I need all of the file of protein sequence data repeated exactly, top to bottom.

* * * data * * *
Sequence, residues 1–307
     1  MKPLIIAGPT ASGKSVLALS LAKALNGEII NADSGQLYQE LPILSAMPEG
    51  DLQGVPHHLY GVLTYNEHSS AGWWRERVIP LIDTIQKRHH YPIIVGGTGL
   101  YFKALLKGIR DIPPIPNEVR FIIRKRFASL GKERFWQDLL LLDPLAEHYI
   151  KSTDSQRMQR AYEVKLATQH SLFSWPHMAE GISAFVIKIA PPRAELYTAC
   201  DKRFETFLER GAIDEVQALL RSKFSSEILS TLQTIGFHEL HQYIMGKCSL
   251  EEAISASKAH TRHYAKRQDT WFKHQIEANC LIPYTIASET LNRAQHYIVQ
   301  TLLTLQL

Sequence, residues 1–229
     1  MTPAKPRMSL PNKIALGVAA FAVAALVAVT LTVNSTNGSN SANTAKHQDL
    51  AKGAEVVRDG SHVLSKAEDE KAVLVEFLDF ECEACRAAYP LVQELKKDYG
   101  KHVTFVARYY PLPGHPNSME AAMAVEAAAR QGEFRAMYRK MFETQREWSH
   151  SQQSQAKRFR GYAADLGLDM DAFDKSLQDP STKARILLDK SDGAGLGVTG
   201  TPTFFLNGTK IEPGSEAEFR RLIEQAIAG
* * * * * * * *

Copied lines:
Sequence, residues 1–307
     1  MKPLIIAGPT ASGKSVLALS LAKALNGEII NADSGQLYQE LPILSAMPEG
    51  DLQGVPHHLY GVLTYNEHSS AGWWRERVIP LIDTIQKRHH YPIIVGGTGL
   101  YFKALLKGIR DIPPIPNEVR FIIRKRFASL GKERFWQDLL LLDPLAEHYI
   151  KSTDSQRMQR AYEVKLATQH SLFSWPHMAE GISAFVIKIA PPRAELYTAC
   201  DKRFETFLER GAIDEVQALL RSKFSSEILS TLQTIGFHEL HQYIMGKCSL
   251  EEAISASKAH TRHYAKRQDT WFKHQIEANC LIPYTIASET LNRAQHYIVQ
   301  TLLTLQL

Sequence, residues 1–229
     1  MTPAKPRMSL PNKIALGVAA FAVAALVAVT LTVNSTNGSN SANTAKHQDL
    51  AKGAEVVRDG SHVLSKAEDE KAVLVEFLDF ECEACRAAYP LVQELKKDYG
   101  KHVTFVARYY PLPGHPNSME AAMAVEAAAR QGEFRAMYRK MFETQREWSH
   151  SQQSQAKRFR GYAADLGLDM DAFDKSLQDP STKARILLDK SDGAGLGVTG
   201  TPTFFLNGTK IEPGSEAEFR RLIEQAIAG